"Dan, I need a favor," he said.
"I need you to come with me to a client site and give a presentation."
I didn't work for sales, and it's not like I had nothing to do already, so I was hesitant. He detected this, and added:
"If you do it, I'll give you a free vest."
He then produced a sample vest. It was one of those blue, fleece things similar to something you'd find at REI or Lands End, except it had our company logo on it.
"It looks a little large," was my first response.
"We've got all sizes. What size do you want?"
"Medium," I said, assuming that, like most corporate clothing swag, the only available sizes were Large and Extra Large.
"No problem. So I'll tell Julie to set up your plane tickets," he said.
I then realized, to my annoyance, that my acceptance of the vest meant that I had agreed to do the favor. Those sales people are rather tricky.
Fortunately, the actual client in this case was Nintendo. More specifically, Nintendo's offices in the US, also known as Nintendo of America, which is currently located in Redmond, Seattle (but possibly moving in the near future).
I remember being somewhat disappointed with the actual Nintendo office building. It was a fairly non-descript white 4-or-so story building with the Nintendo logo. It was nestled in the middle of a business district in not-so-exciting Redmond. You could probably drive by it and not even realize it was Nintendo.
When we entered the building, I was not greeted by an underpaid teenager dressed in a Mario costume. Instead, I was greeted by a stark white entry room with a surly looking security guard behind what appeared to be bullet-proof glass. We went through the usual song-and-dance of signing papers indicating that we would never tell anyone about our visit, etc., given visitor badges, and then ushered in by a second security guard.
The Sales guy at this point decided to ditch me to hang out with more entertaining people, so I was instructed to follow the guard to the meeting room where I'd be doing the presentation. As I followed the guard, I noticed several things:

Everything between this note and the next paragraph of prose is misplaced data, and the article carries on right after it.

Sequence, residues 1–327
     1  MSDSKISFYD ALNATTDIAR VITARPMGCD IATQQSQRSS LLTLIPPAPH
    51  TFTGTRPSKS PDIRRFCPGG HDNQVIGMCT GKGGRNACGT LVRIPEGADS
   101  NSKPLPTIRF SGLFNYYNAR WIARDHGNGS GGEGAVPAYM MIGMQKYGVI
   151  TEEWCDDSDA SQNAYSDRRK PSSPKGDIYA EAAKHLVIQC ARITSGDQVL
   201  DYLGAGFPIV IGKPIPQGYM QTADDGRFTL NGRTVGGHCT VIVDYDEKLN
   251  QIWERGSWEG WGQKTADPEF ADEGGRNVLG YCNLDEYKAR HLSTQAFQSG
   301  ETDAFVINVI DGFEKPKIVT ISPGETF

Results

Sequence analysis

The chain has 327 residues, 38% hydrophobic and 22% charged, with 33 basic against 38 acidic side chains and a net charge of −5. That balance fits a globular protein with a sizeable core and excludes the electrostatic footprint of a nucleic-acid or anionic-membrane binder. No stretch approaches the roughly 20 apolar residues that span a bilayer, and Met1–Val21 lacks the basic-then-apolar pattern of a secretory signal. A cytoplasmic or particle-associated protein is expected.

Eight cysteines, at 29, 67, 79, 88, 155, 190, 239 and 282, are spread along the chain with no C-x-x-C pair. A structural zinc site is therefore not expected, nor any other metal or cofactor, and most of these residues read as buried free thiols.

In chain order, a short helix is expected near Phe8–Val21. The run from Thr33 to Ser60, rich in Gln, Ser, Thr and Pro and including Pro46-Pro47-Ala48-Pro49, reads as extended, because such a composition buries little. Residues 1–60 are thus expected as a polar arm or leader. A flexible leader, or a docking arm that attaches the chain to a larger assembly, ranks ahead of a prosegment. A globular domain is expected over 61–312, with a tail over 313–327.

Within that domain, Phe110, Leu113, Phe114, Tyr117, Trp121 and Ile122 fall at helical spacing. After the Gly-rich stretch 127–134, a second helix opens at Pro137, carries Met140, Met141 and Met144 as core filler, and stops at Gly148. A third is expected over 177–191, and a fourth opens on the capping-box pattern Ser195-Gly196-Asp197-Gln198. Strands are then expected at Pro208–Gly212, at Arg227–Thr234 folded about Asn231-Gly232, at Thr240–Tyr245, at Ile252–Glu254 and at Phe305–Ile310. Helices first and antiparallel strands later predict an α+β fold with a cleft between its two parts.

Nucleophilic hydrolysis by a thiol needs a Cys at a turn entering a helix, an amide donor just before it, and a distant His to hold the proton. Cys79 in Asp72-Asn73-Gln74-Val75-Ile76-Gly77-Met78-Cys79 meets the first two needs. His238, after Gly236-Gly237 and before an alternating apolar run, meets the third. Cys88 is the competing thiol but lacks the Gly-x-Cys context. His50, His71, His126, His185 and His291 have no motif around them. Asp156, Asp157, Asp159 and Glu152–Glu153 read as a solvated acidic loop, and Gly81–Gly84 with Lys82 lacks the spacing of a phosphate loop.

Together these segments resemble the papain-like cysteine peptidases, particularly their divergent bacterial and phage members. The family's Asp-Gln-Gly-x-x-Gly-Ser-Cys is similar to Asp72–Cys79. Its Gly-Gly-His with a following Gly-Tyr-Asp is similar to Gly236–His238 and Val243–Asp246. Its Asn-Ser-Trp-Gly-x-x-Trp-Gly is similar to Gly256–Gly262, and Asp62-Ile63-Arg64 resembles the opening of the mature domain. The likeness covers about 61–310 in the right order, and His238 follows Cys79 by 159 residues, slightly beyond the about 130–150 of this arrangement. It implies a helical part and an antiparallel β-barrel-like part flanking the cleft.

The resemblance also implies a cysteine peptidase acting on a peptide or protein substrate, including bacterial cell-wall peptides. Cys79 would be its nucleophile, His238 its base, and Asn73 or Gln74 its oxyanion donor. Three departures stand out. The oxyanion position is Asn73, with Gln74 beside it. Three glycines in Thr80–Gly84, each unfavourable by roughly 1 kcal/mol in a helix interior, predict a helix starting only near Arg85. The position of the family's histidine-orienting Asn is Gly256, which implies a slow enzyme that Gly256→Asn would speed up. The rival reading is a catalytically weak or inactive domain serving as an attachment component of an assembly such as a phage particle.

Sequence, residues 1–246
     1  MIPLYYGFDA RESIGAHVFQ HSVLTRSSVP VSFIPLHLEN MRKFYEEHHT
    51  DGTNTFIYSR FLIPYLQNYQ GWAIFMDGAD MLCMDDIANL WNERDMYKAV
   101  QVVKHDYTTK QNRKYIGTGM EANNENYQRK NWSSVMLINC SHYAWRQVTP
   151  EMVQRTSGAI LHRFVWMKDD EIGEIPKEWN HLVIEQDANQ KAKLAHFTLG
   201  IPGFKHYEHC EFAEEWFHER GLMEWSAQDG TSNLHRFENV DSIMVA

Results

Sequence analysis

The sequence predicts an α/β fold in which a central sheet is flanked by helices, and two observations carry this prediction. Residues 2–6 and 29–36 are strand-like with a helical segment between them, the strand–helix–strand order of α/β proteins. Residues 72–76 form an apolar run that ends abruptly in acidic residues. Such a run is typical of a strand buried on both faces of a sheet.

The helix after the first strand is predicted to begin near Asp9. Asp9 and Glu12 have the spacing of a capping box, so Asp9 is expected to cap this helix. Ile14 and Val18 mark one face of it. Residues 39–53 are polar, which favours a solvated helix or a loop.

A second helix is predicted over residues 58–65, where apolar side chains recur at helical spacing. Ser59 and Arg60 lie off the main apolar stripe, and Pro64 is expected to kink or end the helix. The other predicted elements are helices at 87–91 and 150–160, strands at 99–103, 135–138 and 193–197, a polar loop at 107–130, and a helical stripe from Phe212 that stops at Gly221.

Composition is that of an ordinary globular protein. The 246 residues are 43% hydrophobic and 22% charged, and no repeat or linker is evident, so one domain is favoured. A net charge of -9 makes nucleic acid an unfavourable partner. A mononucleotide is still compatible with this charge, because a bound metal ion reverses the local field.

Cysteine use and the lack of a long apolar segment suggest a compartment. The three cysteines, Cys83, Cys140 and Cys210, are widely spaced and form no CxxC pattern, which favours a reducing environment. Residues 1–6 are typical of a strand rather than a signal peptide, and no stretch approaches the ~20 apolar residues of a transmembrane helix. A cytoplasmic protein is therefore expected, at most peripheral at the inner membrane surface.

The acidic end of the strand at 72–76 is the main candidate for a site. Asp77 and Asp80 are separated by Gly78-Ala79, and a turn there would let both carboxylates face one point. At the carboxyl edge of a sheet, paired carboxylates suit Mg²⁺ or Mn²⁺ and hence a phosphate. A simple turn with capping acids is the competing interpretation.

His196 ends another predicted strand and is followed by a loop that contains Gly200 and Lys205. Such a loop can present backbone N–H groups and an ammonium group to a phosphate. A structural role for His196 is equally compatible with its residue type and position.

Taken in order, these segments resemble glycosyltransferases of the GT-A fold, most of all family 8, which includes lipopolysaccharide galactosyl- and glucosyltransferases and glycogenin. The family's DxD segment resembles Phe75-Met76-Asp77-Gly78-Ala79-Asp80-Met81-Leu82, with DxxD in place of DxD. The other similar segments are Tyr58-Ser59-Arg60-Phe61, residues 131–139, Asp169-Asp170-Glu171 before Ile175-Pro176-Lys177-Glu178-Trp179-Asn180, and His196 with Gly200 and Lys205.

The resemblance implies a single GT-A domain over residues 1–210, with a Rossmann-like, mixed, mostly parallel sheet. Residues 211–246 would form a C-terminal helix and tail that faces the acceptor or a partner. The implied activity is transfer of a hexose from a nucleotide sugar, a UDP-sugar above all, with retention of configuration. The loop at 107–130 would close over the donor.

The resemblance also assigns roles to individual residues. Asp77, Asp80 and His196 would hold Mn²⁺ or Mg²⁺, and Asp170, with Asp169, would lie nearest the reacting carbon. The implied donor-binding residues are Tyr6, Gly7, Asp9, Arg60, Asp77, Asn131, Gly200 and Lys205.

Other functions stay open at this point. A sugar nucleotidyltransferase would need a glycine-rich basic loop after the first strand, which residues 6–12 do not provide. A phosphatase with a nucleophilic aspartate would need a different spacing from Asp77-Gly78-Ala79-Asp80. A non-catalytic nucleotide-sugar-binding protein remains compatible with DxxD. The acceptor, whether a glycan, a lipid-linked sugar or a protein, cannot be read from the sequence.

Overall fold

- The guard was actually armed with a large handgun
- The interior offices were just as non-descript as the exterior. Mostly beige cubicles, with the occasional Mario-themed decoration on a per-cubicle basis.
- At the intersections of pseudo-hallways between blocks of cubicles, there were these strange faux street signs. I looked closer and noticed that they displayed Nintendo-themed street names, like "Mario Way", or "Peach Alley". I'm making those up, by the way.
When we got to a certain point, I was handed off to another armed security guard. We clearly had passed through some sort of internal check point. I'm not sure if I remembered to save. We finally got to the meeting room, where I sat, laptop at the ready, for about 10 minutes until three (count-em!) Nintendo employees showed up. I gave my roughly one hour long presentation, was thanked, and then escorted back to the outside world by more armed escorts.
I've learned since this visit many years ago that the Nintendo offices actually have a separate "visitor" section which is a little more lively. You can read more about it here. Suffice to say, I did not get to see this section at all.
After we were done, I learned that I also needed to give a last-minute presentation at Digipen Institute (which was practically next door). The sales guy was lucky I was feeling generous that day. The Digipen presentation (fodder, perhaps, for another blog entry in the future) went well enough, but left me feeling rather drained as we drove back to the airport.
Back in the San Francisco bay area, when I got back to my desk the next morning, there was a blue vest on my chair. It was, of course, size Large. I gave it to my Dad, who tells me it's very comfortable.